Combine the cream cheese and mascarpone in the bowl of a stand mixer. Beat until completely blended. Add the sugar and cream together until smooth. Add eggs, one at a time, fully incorporating each before adding the next. I beat too hard at this stage to no detriment, but I have been told not to go above speed 2 for cheesecakes with the eggs. Make sure to scrape down the bowl in between each egg.
Microwave the 1/4 cup of cream in a small bowl until hot and whisk in the espresso powder. Set aside to cool to tepid.
Add the coffee flavored, cream, heavy cream, vanilla and lemon juice to the mixer bowl and blend until smooth and creamy.
Pour batter into prepared crust and tap the pan on the counter a few times to bring all air bubbles to the surface. Place pan into a larger roasting pan and pour boiling water into the larger pan until halfway up the side of the cheesecake pan.
Bake 45 to 55 minutes, until it is almost done – this can be hard to judge, but you’re looking for the cake to hold together, but still have a lot of jiggle to it in the center. You don’t want it to be completely firm at this stage. Close the oven door, turn the heat off, and let rest in the cooling oven for one hour. This lets the cake finish cooking and cool down gently enough so that it won’t crack on the top. After one hour, remove cheesecake from oven and lift carefully out of water bath. It may still have the slightest jiggle to it, which is ok. Let it finish cooling on the counter, and then cover and put in the fridge to chill overnight.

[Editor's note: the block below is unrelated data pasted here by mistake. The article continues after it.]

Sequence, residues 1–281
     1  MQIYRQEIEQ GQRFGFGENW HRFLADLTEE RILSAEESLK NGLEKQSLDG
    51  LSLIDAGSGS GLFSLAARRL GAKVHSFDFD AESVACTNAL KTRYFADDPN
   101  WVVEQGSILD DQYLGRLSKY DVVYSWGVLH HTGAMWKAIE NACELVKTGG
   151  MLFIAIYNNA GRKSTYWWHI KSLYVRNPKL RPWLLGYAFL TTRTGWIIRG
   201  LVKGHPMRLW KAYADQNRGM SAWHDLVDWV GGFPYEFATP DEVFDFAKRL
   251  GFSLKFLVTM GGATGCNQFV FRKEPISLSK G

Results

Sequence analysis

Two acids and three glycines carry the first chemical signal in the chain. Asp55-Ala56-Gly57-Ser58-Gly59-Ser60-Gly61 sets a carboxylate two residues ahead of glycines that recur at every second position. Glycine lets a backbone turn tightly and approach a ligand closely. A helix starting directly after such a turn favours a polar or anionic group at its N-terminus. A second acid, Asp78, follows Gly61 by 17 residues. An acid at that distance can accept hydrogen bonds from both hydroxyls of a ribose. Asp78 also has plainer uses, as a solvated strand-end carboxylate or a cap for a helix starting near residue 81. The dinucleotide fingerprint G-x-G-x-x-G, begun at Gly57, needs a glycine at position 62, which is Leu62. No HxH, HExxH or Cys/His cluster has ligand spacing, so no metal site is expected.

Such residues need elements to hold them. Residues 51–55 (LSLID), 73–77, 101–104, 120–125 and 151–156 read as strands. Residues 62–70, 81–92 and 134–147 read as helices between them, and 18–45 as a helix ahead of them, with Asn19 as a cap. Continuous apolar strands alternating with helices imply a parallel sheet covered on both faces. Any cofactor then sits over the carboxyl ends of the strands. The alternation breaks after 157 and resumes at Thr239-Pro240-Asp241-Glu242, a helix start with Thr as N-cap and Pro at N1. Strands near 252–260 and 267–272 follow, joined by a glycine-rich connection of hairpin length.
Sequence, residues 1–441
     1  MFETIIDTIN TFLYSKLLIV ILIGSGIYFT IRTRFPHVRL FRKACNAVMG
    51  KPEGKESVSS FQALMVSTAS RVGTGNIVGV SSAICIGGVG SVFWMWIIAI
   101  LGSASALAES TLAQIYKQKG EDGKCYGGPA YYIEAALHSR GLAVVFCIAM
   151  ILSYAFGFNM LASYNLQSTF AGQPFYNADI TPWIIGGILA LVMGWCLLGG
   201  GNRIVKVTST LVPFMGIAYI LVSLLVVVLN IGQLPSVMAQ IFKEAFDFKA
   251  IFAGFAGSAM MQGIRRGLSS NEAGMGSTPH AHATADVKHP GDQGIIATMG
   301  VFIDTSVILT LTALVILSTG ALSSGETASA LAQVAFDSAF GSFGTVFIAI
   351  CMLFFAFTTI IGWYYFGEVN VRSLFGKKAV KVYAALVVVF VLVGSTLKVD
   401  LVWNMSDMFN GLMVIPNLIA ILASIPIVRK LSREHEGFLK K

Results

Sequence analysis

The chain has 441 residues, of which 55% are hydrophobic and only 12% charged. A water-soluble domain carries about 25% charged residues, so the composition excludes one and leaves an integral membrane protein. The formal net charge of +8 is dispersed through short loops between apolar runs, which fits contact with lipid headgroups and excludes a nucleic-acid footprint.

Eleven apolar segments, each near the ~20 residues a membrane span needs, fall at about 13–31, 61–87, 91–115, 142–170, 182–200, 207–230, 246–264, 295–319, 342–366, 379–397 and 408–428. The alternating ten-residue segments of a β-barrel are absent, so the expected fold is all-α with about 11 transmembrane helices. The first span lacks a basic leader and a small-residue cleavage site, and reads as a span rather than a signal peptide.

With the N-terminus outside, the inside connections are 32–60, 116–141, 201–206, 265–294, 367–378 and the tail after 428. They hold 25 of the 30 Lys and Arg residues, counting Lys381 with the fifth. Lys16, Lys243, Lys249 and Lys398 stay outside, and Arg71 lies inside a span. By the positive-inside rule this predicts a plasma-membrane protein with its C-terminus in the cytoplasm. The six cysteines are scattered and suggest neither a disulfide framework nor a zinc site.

Dulce De Leche I am not ashamed to admit mine came out of bottle since this stuff is heavenly and the real deal (if you buy yours, make sure it is made with real milk), but if you want make the dulce de leche the second day (I do not have a tried and true recipe to suggest, alas). If you are purchasing the caramel, heat it up gently in the microwave to make sure it is pourable. Let cool to tepid.
Ganache I used this tried and true recipe for the ganache. I also let this cool to tepid before pouring.
The second day, pull the cheesecake out of the fridge. First pour the dulce de leche over the cheesecake, tilting the pan to coat the surface evenly. Return to the fridge for 1 hour.
Before pulling the cheesecake out, make the ganache. Take the cheesecake out of the fridge and pour the ganache over the caramel, once again tilting the pan to coat the top evenly. Return the pan to the fridge and let sit for 3 hours or until the chocolate is set. I did all of this the morning of the second day and served the cheesecake with dinner.